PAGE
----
The Sunflower

Sculpture helps student overcome painful past

Kathy+Robb+stands+next+to+her+ceramic+sculpture%2C+%22Struttin%2C%22+in+the+Cadman+Art+Gallery.+Struttin+won+first+place+in+the+element+student+art+contest.
Kathy Robb stands next to her ceramic sculpture,

Kathy Robb stands next to her ceramic sculpture, "Struttin," in the Cadman Art Gallery. Struttin won first place in the element student art contest.

Brian Hayes

Brian Hayes

Kathy Robb stands next to her ceramic sculpture, "Struttin," in the Cadman Art Gallery. Struttin won first place in the element student art contest.

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A person’s transformation over the course of their life is like the process of sculpting clay. The clay starts off shapeless, lacking form or purpose.

Kathy Robb had difficulty forming and shaping herself for much of her life. Today, as a 66 year old ceramics student at Wichita State, she’s strong and hardened, much like the clay animal sculptures she crafts.

While her ceramics work at WSU didn’t begin until fall 2013, her personal molding began at the age of six — the age her innocence was broken.

It happened in her hometown of Kansas City. She and a friend were climbing trees at a park.

As they sat on a branch, they saw a man on a nearby park bench looking at them.

He soon headed for the two girls.

They jumped down from the tree, but the man was already close. He asked if he could get in the tree with them.

As soon as the three of them were in the tree, the man dropped his pants and exposed himself to them.

Panicking, the girls jumped from the tree and ran.

The man chased Robb around a pine tree.

She didn’t stop running until she was home.

She made it to safety, but the molding and shaping of Robb from that experience had only just begun.

“I know now, before they even knew what PTSD was, I had developed it at six years old,” Robb said.

 

‘My mind would be elsewhere’

The incident at the park affected her psyche for years.

The overthinking was made worse by an early boyfriend, one of her first abusers.

The boyfriend pulled a gun on her, held it to her temple, and told her to “wipe the smile off her face.” She didn’t know if it was loaded, she said, but it didn’t matter.

She remembered being a teenager lying in bed, head racing through what-if scenarios.

“I’m thinking about if somebody shot through my front window, where would I have to be lying in bed to miss the bullet?

“I guess that came from this deep-seated thing that somebody was after me — because (the man at the park) was after me.”

Her past — coupled with volatile, unhealthy relationships with spouses — led to her withdrawing from reality, spending extended time in her room with her cat.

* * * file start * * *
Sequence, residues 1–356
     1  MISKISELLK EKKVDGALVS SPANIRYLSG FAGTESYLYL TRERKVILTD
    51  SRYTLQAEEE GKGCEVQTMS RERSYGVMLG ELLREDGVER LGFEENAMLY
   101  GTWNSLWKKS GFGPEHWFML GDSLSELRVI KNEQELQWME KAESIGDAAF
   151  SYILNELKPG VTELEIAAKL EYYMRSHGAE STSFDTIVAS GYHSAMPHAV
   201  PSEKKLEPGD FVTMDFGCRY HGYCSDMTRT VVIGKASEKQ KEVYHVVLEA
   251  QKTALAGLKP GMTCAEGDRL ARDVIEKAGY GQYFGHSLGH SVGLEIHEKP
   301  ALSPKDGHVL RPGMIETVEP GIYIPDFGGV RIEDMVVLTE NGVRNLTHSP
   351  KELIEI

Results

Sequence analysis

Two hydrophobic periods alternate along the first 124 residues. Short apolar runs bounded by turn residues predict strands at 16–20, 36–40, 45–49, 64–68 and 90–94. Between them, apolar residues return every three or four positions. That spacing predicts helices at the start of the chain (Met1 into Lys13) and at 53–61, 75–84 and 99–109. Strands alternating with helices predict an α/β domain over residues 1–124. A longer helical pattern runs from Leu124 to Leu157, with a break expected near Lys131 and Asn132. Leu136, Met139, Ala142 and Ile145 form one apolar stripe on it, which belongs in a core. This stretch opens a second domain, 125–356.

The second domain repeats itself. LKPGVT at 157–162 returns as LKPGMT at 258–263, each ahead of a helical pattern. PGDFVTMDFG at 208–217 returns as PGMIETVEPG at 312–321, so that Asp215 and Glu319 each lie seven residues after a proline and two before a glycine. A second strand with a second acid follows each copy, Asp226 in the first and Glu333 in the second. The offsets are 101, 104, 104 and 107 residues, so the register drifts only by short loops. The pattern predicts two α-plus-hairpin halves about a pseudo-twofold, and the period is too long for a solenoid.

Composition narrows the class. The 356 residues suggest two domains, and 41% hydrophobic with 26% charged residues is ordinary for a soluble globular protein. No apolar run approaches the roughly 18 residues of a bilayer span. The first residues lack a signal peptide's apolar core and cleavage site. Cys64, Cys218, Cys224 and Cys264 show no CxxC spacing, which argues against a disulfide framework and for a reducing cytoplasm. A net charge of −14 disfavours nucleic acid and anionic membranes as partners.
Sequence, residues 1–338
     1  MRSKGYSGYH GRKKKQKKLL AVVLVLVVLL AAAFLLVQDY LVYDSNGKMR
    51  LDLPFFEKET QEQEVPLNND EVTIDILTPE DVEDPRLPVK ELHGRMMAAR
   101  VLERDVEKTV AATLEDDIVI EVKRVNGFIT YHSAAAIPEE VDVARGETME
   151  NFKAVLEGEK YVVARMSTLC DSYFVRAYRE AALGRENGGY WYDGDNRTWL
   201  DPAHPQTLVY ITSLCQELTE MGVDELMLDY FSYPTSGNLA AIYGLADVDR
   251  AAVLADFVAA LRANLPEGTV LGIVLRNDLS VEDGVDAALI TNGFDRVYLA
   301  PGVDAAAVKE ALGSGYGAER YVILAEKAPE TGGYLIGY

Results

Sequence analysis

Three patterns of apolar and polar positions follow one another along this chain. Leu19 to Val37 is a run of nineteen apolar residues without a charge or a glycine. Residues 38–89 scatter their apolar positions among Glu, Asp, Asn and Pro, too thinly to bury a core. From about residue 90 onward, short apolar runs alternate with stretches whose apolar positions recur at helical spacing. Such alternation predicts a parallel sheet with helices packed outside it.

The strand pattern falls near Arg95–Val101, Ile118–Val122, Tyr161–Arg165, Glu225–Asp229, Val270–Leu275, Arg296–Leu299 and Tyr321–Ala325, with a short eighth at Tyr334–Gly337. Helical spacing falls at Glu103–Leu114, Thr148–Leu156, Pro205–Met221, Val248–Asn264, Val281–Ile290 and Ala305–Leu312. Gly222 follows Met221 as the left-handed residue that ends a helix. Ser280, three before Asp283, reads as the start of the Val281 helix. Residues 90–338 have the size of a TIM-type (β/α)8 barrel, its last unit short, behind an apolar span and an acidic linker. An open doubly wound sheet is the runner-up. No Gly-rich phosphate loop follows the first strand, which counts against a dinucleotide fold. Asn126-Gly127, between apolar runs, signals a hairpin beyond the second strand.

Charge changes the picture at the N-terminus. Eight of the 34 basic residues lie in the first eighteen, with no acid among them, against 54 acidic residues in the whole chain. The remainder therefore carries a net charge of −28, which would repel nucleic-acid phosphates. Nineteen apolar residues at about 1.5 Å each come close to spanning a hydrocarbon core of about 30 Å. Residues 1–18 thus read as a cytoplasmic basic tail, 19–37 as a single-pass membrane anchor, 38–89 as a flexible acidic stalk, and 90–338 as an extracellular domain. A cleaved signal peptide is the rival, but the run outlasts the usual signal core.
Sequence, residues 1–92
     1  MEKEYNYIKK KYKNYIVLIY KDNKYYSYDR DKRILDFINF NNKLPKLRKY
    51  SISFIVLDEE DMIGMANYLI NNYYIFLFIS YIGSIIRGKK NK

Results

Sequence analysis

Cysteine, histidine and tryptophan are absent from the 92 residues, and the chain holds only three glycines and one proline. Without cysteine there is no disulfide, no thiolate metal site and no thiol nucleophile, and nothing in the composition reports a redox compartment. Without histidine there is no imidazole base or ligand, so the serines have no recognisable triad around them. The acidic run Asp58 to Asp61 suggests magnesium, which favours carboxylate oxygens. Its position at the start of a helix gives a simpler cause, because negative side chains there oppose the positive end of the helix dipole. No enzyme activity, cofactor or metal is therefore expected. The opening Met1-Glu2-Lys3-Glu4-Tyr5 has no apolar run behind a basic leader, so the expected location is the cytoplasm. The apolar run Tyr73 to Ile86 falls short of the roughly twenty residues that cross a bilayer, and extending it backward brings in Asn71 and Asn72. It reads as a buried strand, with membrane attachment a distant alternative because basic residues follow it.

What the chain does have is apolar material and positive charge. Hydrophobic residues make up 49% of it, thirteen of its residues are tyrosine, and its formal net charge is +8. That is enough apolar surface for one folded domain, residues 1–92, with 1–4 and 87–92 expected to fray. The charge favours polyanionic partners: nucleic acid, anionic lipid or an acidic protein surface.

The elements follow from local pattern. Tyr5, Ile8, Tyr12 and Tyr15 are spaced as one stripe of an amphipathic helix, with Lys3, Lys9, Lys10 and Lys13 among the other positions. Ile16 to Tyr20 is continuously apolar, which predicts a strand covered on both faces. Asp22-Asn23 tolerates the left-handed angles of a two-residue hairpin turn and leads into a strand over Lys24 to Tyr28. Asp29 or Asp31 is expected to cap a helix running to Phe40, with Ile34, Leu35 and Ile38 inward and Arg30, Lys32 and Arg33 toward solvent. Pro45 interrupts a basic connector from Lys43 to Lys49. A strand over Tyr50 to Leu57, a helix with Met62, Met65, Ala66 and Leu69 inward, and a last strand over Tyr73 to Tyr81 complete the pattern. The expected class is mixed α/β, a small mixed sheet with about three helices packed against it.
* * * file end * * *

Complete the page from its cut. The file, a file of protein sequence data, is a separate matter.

“You could talk to me, but I wouldn’t really be all there,” Robb said. “My mind would be elsewhere, just trying to deal with people and all those dynamics.”

But after an episode of abuse that led to an emergency meeting with her psychologist, she left her last abuser, her boyfriend at the time. She hasn’t looked back since.

“It took years to get through all this,” Robb said. “But I’m finally done.”

Robb, a Christian, said God has healed her of her biggest problems.

 

‘Dig deep’

Art has been a spiritual journey for Robb.

The abuse led Robb to turn to animals. She found herself able to connect and relate to animals more easily than she could with humans, she said.

Her animal sculptures have hidden messages. Her artist statement says that “wild animals are mysterious and unpredictable, evoking certain reactions. I use these in my work to communicate feelings, emotions, and torments that are difficult or impossible for me to express.”

Take, for example, her sculpture of a family of lemurs. The father lemur has its mouth open and its teeth bared. Robb said the piece is about what happened to her when she was six.

“I wish, if my father had known that, that’s how he would have reacted,” Robb said.

Her first-place-winning piece for the Cadman Art Gallery’s Elements Exhibition is a Boyd’s forest dragon, found only in the Wet Tropics region of Australia. The piece has an element of functionality, too — it’s a teapot.

“That’s basically what art is all about — just keep looking deeper and deeper. It’s kind of intimidating because it’s an examination of you.”

Molding and carving clay in the classroom and studio has helped Robb shape herself into the person she is today. Just like used clay can be reclaimed and reused, reshaped and revitalized, Robb has reclaimed her life.

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About the Writer
Andrew Linnabary, Reporter

Andrew Linnabary is the 2018-2019 Digital Managing Editor of The Sunflower.

He is a senior studying journalism and minoring in English. Linnabary is from Wichita, Kansas. After graduation, he plans to pursue a career in journalism.

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